© 2011 CMA Close Up ® News Service / Country Music Association®, Inc.
It’s often said that the landscape in music has shifted from album to singles format, thanks to the ease of downloading digital tracks and the explosion in use of mobile phones and other portable media players as the channel of choice for listening.
This transformation is still underway in Country, where albums continue to make strong impacts. But even in that genre all sorts of experiments have been undertaken, from abbreviated six-song packages to having fans select artwork and track lists to deluxe products with various bells and whistles. Basically, these changes reflect differing strategies for marketing albums to a new generation of consumers.
With Angels & Devils, her second album on Black River Entertainment, Sarah Darling tackles this question more from an artistic than a commercial perspective. It is, first of all, a double-disc release — essentially, a pair of EPs, featuring nine songs co-written by Darling. The one disc titled Devils, offers seven songs. These vary in mood from “Thank You,” written by Darling and Odie Blackmon, with a slamming, guitar-powered chorus, to the album’s first single and video, “Something to Do with Your Hands” (Darling and Jason Deere), with a catchy melodic motif cycling through the verse and chorus. There are more introspective pieces as well, including “The Boy Never Stays” (Darling, Josh Osborne and Brandy Clark), a wistful lament built on a litany of images of a lost love, and “Bad Habit” (Darling, Osborne and Shane McAnally), with duet partner Vince Gill. All are presented with a rhythm section, steel and other familiar elements.
In contrast, Angels offers five songs that center on Darling with piano accompaniment by producer Jimmy Nichols. (Adam Shoenfeld coproduced two of the tracks with Nichols.) Now and then another player contributes — Jonathan Yudkin on cello for “Waiting on You” (Darling, Will Doughty and Shaunna Bolton) and Paul Franklin on steel for a haunting cover of “Sorry Seems to Be the Hardest Word” (Elton John and Bernie Taupin) — but these additions are almost felt more than heard.
The novelty of this approach is in its rejection of accepted formulas for sequencing. Most albums mingle ballads and up-tempo material while trying not to make the transitions too jarring. Angels & Devils takes an opposite approach by immersing listeners in two distinctive environments, each one deepening as one song gives way to the next.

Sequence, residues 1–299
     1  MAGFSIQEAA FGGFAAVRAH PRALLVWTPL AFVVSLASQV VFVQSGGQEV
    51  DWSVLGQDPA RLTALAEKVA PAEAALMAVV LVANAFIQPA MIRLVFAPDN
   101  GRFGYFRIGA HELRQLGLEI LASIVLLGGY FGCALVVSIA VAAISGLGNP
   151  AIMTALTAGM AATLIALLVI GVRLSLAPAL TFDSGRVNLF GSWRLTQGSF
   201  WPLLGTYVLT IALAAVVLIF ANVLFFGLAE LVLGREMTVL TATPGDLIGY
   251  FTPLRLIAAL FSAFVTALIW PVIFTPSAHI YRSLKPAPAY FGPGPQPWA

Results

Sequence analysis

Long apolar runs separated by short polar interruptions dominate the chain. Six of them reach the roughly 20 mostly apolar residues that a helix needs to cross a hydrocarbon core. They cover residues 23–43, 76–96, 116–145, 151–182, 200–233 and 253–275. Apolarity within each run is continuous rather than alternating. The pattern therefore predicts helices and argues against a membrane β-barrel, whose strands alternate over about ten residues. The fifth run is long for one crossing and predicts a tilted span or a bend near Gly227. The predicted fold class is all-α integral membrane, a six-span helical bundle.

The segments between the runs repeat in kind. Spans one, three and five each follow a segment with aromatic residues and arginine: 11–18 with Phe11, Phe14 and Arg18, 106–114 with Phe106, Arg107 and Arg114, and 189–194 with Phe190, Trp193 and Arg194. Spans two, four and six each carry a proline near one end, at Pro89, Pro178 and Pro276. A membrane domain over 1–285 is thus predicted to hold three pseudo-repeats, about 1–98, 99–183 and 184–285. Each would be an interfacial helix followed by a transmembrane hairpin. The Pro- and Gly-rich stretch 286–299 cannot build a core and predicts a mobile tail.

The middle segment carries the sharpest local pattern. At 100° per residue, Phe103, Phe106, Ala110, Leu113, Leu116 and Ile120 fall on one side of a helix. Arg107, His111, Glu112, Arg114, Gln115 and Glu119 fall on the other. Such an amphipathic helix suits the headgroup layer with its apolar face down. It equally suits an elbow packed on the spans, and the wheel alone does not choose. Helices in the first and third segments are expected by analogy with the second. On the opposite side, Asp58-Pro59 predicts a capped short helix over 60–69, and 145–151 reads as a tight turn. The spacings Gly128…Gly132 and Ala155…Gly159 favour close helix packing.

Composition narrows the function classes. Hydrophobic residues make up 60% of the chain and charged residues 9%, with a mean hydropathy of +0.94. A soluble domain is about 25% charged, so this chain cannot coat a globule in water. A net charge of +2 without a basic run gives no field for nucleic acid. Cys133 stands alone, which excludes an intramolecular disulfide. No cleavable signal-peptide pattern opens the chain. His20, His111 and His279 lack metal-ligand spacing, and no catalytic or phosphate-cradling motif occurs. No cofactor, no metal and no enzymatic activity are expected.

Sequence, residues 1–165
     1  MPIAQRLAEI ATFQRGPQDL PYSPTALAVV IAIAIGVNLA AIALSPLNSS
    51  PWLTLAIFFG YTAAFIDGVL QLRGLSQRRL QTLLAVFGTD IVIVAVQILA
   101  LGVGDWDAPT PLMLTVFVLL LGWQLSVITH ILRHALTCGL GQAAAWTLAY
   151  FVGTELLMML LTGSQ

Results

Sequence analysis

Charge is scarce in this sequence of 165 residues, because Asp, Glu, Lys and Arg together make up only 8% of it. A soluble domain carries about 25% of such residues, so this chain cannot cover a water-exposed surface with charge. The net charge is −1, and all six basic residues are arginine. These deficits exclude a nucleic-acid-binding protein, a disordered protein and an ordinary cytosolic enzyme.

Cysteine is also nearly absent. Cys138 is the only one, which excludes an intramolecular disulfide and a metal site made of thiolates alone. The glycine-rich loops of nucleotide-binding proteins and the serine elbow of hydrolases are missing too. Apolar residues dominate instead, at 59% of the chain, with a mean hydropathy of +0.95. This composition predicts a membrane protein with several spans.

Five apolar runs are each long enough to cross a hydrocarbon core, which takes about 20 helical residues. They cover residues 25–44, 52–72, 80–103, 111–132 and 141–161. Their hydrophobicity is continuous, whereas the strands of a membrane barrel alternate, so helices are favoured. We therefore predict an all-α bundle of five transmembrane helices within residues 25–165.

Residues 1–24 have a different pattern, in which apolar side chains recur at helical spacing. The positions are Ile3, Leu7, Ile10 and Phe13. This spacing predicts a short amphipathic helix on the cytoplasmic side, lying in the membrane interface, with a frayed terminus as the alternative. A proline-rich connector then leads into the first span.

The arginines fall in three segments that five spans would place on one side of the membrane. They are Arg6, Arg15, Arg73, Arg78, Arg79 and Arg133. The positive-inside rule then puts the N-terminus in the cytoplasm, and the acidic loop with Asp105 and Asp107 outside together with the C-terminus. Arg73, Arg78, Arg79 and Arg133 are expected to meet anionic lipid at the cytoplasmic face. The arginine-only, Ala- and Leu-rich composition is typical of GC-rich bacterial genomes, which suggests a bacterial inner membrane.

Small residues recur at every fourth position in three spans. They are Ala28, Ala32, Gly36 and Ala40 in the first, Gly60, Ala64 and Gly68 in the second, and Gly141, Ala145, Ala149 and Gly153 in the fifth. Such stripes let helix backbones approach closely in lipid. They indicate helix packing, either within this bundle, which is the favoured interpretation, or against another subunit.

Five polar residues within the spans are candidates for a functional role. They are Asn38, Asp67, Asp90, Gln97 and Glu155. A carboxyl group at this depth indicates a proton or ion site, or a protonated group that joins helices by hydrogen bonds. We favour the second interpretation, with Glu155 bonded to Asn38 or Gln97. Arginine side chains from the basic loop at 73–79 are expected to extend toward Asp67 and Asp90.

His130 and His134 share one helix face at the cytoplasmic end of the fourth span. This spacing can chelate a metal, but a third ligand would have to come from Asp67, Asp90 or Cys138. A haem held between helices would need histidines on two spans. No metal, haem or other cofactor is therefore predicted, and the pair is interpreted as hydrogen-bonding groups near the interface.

“You’re getting an entire album but we wanted to give people two different sides,” Darling explained. “You can really catch different things in my style of singing if you don’t have me behind a band.” Nichols’ wife Tonya Ginnetti, who was then VP/Director of Artist Relations at the label, came up with the Angels & Devils concept. “One of the things I tried to do while over at Black River was to press the boundaries because I feel like the format has gotten a bit stale and predictable,” said Nichols, who was President of the label at the time.
“And I could see there is something unique about Sarah. I thought to pigeonhole her into a certain type of regimented sound would do her a great injustice because she’s a multi-level artist capable of doing totally exposed intimate songs and then elevating to another level with a band behind her. She’s very much a finesse singer, not a yeller.”
Impressed with her from their first meeting, Nichols committed to the two-disc idea one day when he and she were in the studio together. “We were just clowning around,” he remembered. “I was telling her, ‘I think it would be fun to cover an Elton John song as a Country thing.’” Specifically, Nichols suggested “Sorry Seems to Be the Hardest Word.”
“I’m a big Elton John fan, but I wasn’t really familiar with that particular song,” Darling said. “But Jimmy said, ‘Let me play this song. Let’s just go in old-school. I’ll get on the piano, you get on the mic and we’ll cut it.’ I heard it literally two times when I recorded it. I didn’t have a chance to learn the way Elton sings it; I sing it the way I would sing it. It was a one pass take. And it turned out magical.”